But after gathering my mouth from the floor, I have to go back to whether Dr. Ablow’s position — that children could be either irreprepably harmed or unduly influenced by watching a single series of a television show — is based in any sort of reality. You know, like scientific evidence.
Because Dr. Ablow appears to believe that watching some episodes of a dance competition where a transgendered person happens to be one of the contestants is akin to an indoctrination into transgendered society:
It would be wrong to think that gender dysphoria cannot be kindled by celebrating those who have undergone sexual reassignment surgery. Human beings do model one another—in terms of emotion, thought and behavior. By broadcasting, applauding and mainstreaming the journey of a very disordered person who endured, and likely will continue to endure, real suffering based on extraordinarily deep psychological problems, we suggest that that journey is a smart—even heroic—one to take.
So I have to ask myself — since Dr. Ablow didn’t provide any research backing to support his hypothesis — does the research back him up on this? Could children simply model themselves and base their identity on a reality TV show contestant after watching them for a few episodes?
An in-depth literature search turned up nothing. Not a single study could be found that associated watching television with directly (or indirectly) influencing childhood sexual development or self-identity. I couldn’t find research that even revealed just a correlation, much less a study showing a direct causation relationship between the two.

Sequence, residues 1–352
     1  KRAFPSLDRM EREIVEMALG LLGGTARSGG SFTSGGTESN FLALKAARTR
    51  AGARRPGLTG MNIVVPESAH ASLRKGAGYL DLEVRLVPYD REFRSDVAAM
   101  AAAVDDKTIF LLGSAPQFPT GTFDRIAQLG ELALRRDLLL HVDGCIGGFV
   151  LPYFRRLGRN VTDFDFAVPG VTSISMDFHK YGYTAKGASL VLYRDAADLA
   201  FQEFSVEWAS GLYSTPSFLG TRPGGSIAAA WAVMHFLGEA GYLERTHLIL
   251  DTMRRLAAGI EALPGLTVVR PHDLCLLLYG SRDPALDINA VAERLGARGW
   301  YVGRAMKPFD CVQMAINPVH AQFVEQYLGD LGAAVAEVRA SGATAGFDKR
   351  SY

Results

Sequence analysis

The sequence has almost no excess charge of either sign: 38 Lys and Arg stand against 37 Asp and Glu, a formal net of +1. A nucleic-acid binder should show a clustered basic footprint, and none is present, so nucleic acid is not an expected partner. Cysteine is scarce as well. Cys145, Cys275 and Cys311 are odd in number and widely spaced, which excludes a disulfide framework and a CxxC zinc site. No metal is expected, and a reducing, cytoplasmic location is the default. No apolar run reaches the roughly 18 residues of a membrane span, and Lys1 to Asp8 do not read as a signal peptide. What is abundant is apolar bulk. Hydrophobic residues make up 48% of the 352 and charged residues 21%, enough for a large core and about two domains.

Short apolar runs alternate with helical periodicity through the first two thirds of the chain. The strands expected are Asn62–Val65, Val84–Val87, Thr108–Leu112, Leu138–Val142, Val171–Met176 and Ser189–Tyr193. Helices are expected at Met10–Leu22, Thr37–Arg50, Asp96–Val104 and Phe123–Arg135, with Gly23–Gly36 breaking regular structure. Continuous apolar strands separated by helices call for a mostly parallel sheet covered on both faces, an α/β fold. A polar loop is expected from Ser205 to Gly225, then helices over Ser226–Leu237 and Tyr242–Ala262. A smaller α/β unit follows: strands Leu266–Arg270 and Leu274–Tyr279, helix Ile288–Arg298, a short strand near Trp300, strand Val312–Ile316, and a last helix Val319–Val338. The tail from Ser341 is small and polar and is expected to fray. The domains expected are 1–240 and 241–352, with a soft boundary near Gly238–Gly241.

Which isn’t really all that surprising a finding, even if you used just plain common sense… Just think for a moment how much violence children watch on television. But most children don’t grow up to turn into violent criminals because of it. That’s not to say that television — or far more immersive, interactive media such as video games or the Internet — don’t play an impact in a child’s development and self-identity. They do. But there’s no evidence that they do so in a dose-related response where 5 or 10 episodes of anything is going to be a life-changing event for a child or teen.
Therefore the premise that watching 5 or 10 episodes of a television show of a person dancing would have any influence — much less a life-defining, definitive impact — on a person’s sexual- or self-identity is simply hogwash. There’s not a shred of scientific evidence to support such a ridiculous premise. It’s simply the personal opinion of a single individual who is promoting a specific prejudice against people he feels are broken and are in need of his help.
So I have to wonder — is this kind prejudice and passing judgment about a person he’s never seen professionally really the kind of thing one should expect from a respected mental health professional such as Dr. Ablow? Is spouting off about “vulnerable” children a responsible, thoughtful opinion, when a professional such as Dr. Ablow is in a position to help educate and dispel the myths so often associated with difficult issues such as sexual- and self-identity?
Or is Dr. Ablow simply perpetuating the stereotypes and pop-psychology nonsense professionals like himself have been doing for decades about things like child development?
Read Dr. Keith Ablow’s article: Don’t Let Your Kids Watch Chaz Bono On ‘Dancing With The Stars’
An excellent resource for more information: Gender Identity Disorder and Transgenderism
Grohol, J. (2011). Don’t Let Your Kids Watch Dr. Keith Ablow. Psych Central. Retrieved on September 20, 2017, from https://psychcentral.com/blog/archives/2011/09/08/dont-let-your-kids-watch-dr-keith-ablow/